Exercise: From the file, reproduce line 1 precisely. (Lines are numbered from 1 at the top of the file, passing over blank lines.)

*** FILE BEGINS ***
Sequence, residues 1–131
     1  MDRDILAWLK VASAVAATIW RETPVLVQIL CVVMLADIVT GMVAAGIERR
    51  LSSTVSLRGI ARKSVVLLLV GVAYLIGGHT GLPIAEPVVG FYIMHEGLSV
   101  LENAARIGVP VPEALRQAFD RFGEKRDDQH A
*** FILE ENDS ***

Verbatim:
Sequence, residues 1–131